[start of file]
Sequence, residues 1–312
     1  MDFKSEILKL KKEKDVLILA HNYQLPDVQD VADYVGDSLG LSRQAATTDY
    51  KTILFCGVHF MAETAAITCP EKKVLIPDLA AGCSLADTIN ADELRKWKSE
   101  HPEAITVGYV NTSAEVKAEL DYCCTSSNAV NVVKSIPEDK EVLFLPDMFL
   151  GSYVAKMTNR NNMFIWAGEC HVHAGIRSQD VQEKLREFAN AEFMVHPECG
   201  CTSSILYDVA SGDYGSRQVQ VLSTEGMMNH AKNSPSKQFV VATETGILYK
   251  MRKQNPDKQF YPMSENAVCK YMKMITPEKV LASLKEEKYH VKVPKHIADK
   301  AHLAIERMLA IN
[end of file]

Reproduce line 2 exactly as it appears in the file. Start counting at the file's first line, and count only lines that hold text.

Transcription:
     1  MDFKSEILKL KKEKDVLILA HNYQLPDVQD VADYVGDSLG LSRQAATTDY